On Tuesday, the state of Baden-Wuttemberg in the southwest of Germany announced the ban on wearing burqas in schools. The state’s Premier Winfried
On Tuesday, the state of Baden-Wuttemberg in the southwest of Germany announced the ban on wearing burqas in schools. The state’s Premier Winfried Kretschmann said it was rare for schoolgirls to wear burqas ahead of the ban. Explaining the ban, the Green Party politician, Mr Kreschmann claimed wearing the whole body garment does not promote certain aspects of a free society.
Baden-Wuttemberg has also banned the wearing of burqas or niqabs for teachers.
The new rule will apply to girls attending primary and secondary schools in the state.
In support of the member for the Green Party, the Christian Democratic Union’s (CDU) Minister of Culture, Susanne Eisenmann had wanted to impose a full ban on full veils in February.
Stating the reason, she claimed face coverings “prevent open communication”.
She said: “Schools are places where people can get together and meet.
“The lessons there are based on open communication, which is also expressed in gestures and facial expressions.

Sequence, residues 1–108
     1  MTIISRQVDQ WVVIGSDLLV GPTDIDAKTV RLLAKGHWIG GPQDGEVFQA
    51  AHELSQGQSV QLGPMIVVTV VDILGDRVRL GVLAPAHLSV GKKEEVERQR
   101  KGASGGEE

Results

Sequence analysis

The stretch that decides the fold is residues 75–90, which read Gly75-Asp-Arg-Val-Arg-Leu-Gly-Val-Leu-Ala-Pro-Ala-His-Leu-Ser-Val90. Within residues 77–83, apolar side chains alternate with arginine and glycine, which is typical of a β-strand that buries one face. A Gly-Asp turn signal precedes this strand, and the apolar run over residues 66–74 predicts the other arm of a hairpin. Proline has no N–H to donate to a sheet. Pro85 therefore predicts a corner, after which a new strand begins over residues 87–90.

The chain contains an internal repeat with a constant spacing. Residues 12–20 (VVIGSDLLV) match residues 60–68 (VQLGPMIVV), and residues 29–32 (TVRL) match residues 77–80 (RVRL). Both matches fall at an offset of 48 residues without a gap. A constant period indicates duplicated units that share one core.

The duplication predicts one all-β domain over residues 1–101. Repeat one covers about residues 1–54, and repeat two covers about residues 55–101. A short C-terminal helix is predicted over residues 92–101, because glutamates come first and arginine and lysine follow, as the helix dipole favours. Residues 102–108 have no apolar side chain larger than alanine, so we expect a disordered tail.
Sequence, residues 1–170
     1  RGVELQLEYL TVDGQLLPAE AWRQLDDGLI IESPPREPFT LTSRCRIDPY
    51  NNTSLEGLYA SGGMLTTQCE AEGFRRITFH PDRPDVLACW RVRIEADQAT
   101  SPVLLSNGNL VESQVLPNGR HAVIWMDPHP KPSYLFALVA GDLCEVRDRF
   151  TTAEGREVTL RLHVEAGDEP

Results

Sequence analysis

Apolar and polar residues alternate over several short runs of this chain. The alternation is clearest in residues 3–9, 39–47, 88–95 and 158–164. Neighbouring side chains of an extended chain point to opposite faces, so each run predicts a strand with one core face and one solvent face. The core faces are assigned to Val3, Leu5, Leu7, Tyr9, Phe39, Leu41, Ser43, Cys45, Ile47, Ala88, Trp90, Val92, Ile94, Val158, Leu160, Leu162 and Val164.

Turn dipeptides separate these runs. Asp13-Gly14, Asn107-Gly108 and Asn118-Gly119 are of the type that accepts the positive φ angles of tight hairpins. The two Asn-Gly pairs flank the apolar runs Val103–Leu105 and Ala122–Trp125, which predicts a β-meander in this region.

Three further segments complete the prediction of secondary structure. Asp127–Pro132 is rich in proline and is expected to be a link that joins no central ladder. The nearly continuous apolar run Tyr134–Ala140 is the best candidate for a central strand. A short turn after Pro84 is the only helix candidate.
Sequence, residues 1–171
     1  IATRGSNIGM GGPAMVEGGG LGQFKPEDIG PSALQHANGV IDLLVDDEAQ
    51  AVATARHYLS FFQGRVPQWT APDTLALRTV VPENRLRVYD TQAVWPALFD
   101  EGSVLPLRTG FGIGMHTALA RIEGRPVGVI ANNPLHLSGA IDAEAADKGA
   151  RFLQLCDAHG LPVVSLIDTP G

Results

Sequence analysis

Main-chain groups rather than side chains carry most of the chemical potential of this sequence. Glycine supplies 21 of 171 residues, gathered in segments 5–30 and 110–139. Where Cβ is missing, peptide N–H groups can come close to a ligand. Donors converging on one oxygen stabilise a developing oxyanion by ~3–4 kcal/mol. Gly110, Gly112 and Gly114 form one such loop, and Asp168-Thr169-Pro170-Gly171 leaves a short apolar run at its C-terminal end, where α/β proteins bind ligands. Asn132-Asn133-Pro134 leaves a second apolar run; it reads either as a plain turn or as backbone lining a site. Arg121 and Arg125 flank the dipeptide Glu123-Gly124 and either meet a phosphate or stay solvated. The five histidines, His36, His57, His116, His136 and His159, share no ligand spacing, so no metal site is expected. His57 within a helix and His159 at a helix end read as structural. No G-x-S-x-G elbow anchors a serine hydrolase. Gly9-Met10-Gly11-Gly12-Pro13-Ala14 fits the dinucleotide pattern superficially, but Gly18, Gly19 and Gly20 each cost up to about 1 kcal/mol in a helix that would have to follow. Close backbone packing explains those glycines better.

“A covered face prevents this open communication.”
Both the Green Party and the CDU have remained split over the issue except for wearing the clothing in schools.
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“It should be banned, wherever it is legally possible.”
Despite the support for the ban in the state, in February a German court overturned a school’s ban on a 16-year-old wearing a niqab.
Initially, education officials in Hamburg had informed the girl’s parents that she must not wear the veil at school.
That decision was overturned, however, by an administrative court.
Some critics of any potential ban, have stated it could well divide the nation.
Under Germany’s federal system, each state has its own education ministry and each 16 have differing laws on face-coverings.
Other northern European countries such as Holland, Austria, France, Denmark and Austria have also introduced their own types of bans on the veil.
Additional reporting by Monika Pallenberg.